English version


From Longman Dictionary of Contemporary Englishponderouspon‧der‧ous /ˈpɒndərəs $ ˈpɑːn-/ adjective  1 SLOWCLUMSYslow or awkward because of being very big and heavy an elephant’s ponderous walk2 BORINGboring, very serious, and seeming to progress very slowly a ponderous and difficult book The system, though ponderous, works.ponderously adverbponderousness noun [uncountable]
Examples from the Corpus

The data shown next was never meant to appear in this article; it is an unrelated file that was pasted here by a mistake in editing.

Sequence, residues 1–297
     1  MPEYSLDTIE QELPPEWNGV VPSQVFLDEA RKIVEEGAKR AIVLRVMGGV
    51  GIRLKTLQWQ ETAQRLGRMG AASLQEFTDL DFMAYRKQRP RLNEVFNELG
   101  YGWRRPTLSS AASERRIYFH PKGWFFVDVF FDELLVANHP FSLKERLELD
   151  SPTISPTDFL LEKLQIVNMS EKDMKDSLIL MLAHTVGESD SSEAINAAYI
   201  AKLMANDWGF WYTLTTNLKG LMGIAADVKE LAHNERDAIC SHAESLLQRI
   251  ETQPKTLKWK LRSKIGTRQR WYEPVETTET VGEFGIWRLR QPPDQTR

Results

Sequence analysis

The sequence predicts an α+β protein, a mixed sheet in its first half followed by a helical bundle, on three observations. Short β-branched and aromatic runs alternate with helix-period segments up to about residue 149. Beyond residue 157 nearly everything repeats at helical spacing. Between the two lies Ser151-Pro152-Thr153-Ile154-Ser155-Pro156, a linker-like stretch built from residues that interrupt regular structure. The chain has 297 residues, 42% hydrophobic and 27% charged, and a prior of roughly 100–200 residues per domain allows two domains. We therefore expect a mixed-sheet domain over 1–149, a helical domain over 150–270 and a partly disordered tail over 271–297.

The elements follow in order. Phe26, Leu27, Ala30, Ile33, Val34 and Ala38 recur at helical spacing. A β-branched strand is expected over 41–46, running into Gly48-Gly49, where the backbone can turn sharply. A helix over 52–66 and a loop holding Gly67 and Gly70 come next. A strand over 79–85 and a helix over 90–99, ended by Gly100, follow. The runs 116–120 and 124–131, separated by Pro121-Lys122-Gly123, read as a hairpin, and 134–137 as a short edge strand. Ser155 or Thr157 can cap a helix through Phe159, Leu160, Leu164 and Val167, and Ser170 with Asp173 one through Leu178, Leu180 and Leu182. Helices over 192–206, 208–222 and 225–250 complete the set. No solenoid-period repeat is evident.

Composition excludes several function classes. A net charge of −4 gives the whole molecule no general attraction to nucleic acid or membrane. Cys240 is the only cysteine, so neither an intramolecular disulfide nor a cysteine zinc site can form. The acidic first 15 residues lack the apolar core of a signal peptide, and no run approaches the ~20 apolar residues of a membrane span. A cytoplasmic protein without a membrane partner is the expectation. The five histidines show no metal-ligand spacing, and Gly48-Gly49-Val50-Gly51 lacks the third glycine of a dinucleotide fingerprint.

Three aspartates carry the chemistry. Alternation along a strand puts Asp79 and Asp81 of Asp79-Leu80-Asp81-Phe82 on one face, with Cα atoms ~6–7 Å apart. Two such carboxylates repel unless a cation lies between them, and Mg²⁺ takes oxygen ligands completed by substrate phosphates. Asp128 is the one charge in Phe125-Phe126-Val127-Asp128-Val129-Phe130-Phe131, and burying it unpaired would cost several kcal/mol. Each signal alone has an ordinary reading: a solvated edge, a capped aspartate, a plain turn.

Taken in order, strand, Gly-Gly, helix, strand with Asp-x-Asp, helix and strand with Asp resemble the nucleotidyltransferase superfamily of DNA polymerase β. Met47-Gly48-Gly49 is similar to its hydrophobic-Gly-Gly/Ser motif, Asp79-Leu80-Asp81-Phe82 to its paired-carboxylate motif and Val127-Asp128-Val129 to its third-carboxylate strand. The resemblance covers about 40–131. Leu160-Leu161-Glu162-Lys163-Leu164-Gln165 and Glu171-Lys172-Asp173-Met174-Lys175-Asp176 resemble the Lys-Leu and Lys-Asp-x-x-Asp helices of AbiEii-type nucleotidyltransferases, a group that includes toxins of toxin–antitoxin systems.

ponderousIt seemed like such a ponderous and old-fashioned choice.The old lady's footsteps could be heard, ponderous and threatening, on the front steps.You could feel the spirit of Roy Peck there in that big old white frame house with the ponderous cottonwoods in front.an elephant's ponderous headThe only other downside I noticed was that the car tended to be a little ponderous in lower gears around town.His films are ponderous, occasionally dull, always intriguing and kind of great.Holyfield had a considerable advantage over his ponderous opponent.Once a few have been mastered it is surprising how quickly the most ponderous sounding scientific name acquires a familiar ring.Inquiry is a serious matter and should be done boldly, whether applied to innovation or ponderous theoretical matter.Woolley released three loud chords, and started on a ponderous version of the Sailors' Horn pipe.the professor's ponderous voice
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